It’s not easy to see the onset of dementia in our parents but there are things to look out for.
A few weeks ago I had a message from one of my Mom’s neighbour suggesting I plan a visit as she was concerned about my mom’s health.
Visiting my parents can be tricky as they live on a different continent but once I’d raided the savings, got the teenagers packed off to their father and booked the dog in with good friends, we set off to see what was happening for ourselves.
I’d last seen my parents a year and a half ago and I was shocked to see how much my mom had deteriorated in that time. As a vibrant and quite often feisty 74 year old she is often mistaken for a much younger woman but when she opened the door I could have cried.
I knew that she needed a hip replacement but was told that she refused to go for the operation, what we weren’t prepared for was how stooped over she was. Small, fast, shuffling steps take her around the kitchen now and when she reaches a counter top she seems to have forgotten what she originally wanted to do there. Her confusion is evident and accentuated by a slight slurring of her words.
The next two days revealed more. On top of needing a hip replacement mom has type II diabetes, high blood pressure and heart disease. Her feet are black with peripheral neuropathy and burn intensely. She is repeating herself, often retelling stories she has only finished telling minutes earlier.
Her GP told us that her three illnesses, in combination, can hasten the onset of dementia. If her diabetes is poorly controlled, dementia will strike harder and having all three illnesses increase the likelihood of her having vascular dementia.
I spent hours talking to her about her health but, to her, having any form of dementia is just not acceptable and yet she understands that she is displaying many of the symptoms. Fear is something often not put into the dementia equation. My mom is afraid of being labelled with dementia as she knows it will change everything about how she lives her life.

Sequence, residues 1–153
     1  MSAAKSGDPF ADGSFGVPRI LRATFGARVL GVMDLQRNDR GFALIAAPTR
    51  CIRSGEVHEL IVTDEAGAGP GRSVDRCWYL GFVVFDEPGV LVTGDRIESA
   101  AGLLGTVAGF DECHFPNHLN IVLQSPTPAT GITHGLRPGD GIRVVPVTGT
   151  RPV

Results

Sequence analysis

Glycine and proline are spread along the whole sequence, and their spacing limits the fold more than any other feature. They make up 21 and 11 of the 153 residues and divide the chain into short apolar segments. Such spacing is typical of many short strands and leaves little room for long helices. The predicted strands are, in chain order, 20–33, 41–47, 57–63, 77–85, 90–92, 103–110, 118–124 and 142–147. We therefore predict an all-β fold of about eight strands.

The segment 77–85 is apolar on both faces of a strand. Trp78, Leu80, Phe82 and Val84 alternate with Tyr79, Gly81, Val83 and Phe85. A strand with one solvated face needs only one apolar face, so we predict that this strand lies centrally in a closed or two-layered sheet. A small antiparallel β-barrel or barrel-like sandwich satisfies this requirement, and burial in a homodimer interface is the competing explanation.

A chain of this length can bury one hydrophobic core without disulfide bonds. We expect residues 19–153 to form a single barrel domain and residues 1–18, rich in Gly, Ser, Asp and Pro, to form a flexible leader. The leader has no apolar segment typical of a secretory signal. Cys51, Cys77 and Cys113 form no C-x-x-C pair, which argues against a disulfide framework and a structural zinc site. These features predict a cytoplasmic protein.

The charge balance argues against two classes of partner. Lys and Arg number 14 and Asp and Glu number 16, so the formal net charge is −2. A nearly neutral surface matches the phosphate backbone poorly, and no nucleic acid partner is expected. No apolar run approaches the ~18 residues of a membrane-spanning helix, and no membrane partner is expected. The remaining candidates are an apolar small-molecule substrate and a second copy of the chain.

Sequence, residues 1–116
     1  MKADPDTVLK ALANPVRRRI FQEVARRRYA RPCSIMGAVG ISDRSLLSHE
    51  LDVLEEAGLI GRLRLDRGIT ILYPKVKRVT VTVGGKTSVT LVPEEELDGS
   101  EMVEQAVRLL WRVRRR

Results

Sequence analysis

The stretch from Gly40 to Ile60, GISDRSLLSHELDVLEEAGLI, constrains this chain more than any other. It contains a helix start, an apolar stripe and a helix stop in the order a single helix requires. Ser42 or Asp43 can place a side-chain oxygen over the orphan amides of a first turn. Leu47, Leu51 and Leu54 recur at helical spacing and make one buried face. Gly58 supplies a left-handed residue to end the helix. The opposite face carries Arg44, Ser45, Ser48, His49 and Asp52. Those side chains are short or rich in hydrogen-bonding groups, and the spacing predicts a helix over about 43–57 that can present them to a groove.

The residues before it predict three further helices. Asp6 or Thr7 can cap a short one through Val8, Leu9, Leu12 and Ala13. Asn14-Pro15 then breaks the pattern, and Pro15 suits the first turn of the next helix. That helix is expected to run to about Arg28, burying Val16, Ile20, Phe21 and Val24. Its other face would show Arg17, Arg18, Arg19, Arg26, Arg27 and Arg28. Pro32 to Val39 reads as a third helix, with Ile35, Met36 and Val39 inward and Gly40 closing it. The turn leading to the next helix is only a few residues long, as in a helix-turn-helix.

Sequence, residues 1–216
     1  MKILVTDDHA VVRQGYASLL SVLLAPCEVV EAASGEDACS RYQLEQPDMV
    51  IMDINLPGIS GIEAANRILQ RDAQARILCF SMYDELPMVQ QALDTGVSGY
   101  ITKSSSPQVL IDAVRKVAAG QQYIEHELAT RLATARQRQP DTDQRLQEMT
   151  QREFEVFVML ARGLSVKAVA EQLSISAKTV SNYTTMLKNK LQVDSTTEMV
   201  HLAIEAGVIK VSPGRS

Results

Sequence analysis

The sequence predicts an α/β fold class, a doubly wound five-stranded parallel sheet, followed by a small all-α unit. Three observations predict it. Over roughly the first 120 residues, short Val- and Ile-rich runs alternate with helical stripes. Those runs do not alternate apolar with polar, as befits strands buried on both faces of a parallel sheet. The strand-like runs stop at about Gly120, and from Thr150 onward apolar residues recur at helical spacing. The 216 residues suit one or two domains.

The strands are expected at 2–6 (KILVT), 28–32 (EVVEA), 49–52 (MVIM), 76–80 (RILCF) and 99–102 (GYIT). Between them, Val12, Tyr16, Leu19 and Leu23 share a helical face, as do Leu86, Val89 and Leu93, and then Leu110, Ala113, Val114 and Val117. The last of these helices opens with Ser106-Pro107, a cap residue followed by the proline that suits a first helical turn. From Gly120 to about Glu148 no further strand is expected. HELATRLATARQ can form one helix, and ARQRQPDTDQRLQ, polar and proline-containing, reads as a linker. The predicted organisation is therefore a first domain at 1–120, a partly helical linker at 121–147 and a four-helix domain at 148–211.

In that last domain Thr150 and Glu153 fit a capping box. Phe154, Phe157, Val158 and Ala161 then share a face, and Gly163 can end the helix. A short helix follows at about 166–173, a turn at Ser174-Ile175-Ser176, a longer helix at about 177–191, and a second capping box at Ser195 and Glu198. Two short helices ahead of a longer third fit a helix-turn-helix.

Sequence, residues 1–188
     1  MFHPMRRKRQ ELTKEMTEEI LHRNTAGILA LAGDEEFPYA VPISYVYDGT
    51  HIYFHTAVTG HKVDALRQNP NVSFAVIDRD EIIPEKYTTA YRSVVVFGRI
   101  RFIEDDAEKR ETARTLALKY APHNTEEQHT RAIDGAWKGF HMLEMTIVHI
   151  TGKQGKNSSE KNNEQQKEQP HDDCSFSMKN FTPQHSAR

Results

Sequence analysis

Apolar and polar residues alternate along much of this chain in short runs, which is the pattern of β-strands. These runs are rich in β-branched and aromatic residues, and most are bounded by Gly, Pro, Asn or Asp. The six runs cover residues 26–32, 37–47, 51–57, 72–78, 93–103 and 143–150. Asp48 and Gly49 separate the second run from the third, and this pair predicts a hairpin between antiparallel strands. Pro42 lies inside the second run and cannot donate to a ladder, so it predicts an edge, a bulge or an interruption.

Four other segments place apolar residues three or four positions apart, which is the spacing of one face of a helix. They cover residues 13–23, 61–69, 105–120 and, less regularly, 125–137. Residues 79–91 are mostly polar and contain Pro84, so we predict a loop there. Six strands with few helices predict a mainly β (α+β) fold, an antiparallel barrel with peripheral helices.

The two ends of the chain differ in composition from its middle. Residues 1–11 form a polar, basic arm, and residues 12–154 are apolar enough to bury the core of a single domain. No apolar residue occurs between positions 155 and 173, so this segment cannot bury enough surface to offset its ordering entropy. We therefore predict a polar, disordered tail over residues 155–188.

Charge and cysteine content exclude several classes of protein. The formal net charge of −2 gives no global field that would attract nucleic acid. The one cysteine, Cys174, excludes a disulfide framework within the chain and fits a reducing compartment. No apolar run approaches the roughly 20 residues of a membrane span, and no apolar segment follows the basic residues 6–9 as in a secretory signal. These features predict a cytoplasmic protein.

Like her hip operation, she is choosing to ignore it. Unfortunately, ignoring it won’t make it go away. The conversations I’ve had with my mom in the past weeks have been some of the hardest I’ve ever had and I wish we lived closer so that we could have seen what was happening to her and get help earlier.
Don’t think the changes in your parents are all down to old age. Visit regularly if you can and note things like:
- How they walk. Is it with quick, shuffling steps?
- Confusion and short-term memory loss
- Is she more angry than usual?
- Wandering or becoming lost in familiar places
- Loss of bladder or bowel control
- Laughing or crying inappropriately
- Difficulty following instructions
- Problems handling money
I spoke with my mom’s doctor and explained what I’ve noticed and he will now be able to treat her correctly.
It’s hard for a family GP to see the whole picture as a patient often only comes in for one problem e.g. my mom’s back pain due her needing a new hip. It’s only when I told him all the other things we’d noticed that he was able to see the bigger picture.
If you talk to your parents more often, you’ll notice more frequent forgetfulness and behavioural changes like mood swings, more angry comments and tears. It’s important to know that these are not always a normal part of the aging process. These are symptoms of much more serious problems.
If, like me, you live far away from your parents, get a neighbour to give you frequent updates and use SKYPE to talk to them rather than the telephone as then you will actually see them and be able to assess their appearance and movements for yourself.